My hope was that the vCloud director product from Veeam would add a backup and restore feature to each separate vcloud user’s login…now THAT would be phenomenal.
Thanks again for sharing.
Well you are correct in thinking that vcenter does see all of the vcloud director objects, however vcloud director will get really pissed off if you do things like snapshots or edit any of the virtual machines settings from within vcenter. (it could cause issues with linked clones and stuff).
Also there is a bunch of metadata type information that is in the vCloud Director database that contains information about networking inside of vCloud as well as how the VM’s are laid out in terms of vApps, etc…. just doing a backup through vCenter does not capture this information, therefore if you were to fubar a vCloud Director VM there is really no way to get all the vapps and stuff to go back into vCloud Director without that metadata.
Enter Veeam V7….. it grabs that metadata, it also collects everything it needs to restore the vApps and their VM’s back into the vCloud Director interface/database.
Personally i think this is HUGE! why ? well think of it this way…. if you put all your VM’s in “the cloud” but the provider doesn’t have a good way to back it up and restore it with all the stuff you need to see it in vCloud Director’s interface…. that is a big problem. The only other backup software that I’ve heard doing this is HP Data Protector (but that was last year at VMworld and I dont have any other details on it)
OH and to your point of backing up an individual users stuff. I will try this out, but my guess is that you would just need to authenticate with that user in vcloud director…. and you would only get to see your stuff. The only real downside is that you will still need vcenter admin access at which point if you have that then you might as well just sign in with the vcloud admin too 😉 LOL, so i get what you are saying. However the only real way that you could backups the VM’s without vCenter access would be to shut down the vApp and do an export…. at which time veeam would have to read in all that data every time a backup was done and then do post processing on it to see what blocks had actually changed…. so its just better to do it at the vcenter level ….. just get your provider to buy it and resell it as a service add on to their cloud offering. Veeam has a service provider program that only adds a few bucks a month per VM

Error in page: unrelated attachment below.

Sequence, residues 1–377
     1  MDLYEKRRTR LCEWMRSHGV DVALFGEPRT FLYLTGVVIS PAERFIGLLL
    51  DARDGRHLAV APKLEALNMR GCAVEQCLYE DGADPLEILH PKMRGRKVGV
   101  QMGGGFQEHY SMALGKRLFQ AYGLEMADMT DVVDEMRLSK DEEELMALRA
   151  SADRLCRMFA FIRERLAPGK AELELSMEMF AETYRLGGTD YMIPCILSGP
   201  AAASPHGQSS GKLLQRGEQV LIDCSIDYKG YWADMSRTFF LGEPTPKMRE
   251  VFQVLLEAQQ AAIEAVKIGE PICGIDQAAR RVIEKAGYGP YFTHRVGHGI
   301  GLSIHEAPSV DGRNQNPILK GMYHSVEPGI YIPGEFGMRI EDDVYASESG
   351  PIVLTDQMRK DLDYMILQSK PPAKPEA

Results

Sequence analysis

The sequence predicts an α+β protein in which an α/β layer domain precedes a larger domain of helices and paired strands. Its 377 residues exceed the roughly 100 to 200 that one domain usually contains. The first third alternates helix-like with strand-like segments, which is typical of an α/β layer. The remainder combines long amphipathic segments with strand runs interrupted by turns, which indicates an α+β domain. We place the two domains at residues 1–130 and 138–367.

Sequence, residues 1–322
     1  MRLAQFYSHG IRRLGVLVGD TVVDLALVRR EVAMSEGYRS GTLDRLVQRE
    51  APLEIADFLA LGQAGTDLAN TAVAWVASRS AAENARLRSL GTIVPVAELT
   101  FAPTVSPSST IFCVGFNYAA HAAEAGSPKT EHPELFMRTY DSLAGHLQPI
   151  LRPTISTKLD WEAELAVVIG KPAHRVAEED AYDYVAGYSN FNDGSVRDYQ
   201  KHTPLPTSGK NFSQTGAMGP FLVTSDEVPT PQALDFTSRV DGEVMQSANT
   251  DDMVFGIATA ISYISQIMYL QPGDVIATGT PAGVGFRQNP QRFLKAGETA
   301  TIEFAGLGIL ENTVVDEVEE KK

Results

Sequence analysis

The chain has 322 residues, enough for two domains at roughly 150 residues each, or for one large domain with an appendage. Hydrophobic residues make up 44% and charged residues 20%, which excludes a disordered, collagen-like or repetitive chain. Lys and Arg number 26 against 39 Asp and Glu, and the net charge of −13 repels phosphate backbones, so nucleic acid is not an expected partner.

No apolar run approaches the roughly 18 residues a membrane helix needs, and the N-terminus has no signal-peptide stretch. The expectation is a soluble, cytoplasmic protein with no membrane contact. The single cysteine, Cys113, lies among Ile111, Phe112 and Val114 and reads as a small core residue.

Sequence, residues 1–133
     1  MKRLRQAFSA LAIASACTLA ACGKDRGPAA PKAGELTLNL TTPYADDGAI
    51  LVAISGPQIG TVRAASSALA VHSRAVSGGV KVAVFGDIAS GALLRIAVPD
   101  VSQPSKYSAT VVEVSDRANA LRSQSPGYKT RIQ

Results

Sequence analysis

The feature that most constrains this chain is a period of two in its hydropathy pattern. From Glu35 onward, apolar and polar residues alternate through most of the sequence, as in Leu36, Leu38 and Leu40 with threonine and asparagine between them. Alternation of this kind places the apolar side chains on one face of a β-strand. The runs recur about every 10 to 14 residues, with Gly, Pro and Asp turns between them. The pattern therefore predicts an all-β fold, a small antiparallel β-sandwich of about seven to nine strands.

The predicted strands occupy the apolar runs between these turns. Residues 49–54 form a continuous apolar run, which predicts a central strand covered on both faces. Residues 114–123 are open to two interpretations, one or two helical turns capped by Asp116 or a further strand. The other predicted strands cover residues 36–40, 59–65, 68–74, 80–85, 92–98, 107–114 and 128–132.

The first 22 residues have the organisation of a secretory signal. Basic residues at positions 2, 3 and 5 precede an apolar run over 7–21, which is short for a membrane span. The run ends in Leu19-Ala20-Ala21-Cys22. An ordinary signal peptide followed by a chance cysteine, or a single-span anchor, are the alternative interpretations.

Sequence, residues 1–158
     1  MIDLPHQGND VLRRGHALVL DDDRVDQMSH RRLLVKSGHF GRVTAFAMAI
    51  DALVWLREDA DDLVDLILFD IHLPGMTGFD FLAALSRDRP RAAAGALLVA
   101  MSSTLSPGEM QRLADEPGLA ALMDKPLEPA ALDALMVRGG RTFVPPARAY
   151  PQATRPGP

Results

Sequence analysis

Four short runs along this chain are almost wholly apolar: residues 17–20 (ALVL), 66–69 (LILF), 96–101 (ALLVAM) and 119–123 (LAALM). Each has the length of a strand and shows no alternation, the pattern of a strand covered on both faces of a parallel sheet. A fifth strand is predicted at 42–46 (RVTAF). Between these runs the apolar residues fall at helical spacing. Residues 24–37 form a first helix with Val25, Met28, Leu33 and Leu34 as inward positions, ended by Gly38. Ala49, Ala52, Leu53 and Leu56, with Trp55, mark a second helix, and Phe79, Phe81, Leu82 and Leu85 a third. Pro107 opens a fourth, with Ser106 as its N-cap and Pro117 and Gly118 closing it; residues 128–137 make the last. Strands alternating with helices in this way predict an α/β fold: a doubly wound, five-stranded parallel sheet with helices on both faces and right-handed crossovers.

It is a good thing to have a vCloud director – ready backup solution. We’re testing it in our vCloud solution for internal cloud backup.
However, setting it up to give cloud users direct control on their backups and restores is a bit tricky. Veeam needs to see not just a vCloud director interface, but needs to communicate to vCenter servers that are under vCloud director control for managing virtual organizations and vApps. And it’s Enterprise manager interface needs a lot of polishing to be able to work with multiple users as multi-tenant setup. It’s three roles just aren’t enough for that setup. You could experiment with dedicated Veeam BR servers for each user… Maybe include a good developer or two understanding vCloud director API, vSphere API and Veeam restful API to provide you with a neat user portal for backup/restore? 😉
Thanks for the post. I was thinking about a scenario, and wanted to get your thoughts if you think it might just work. Basically would veeam v7 be able to backup my internal vsphere or vcloud installation, to Amazon S3, where it lives forever. In case of a disaster, I would restore to hopefully any public vCloud provider. Is this practical? and would you know of any public vCloud provider that actually enables utility computing (a la AWS) where you spin up/down resources as needed.
Yes Veeam will do what your thinking. It backs up to local disk, then a cloud connector uploads your backups to the cloud storage provider you want it to.
As for vCloud installs its hard to say now that VMware Hybrid services are around.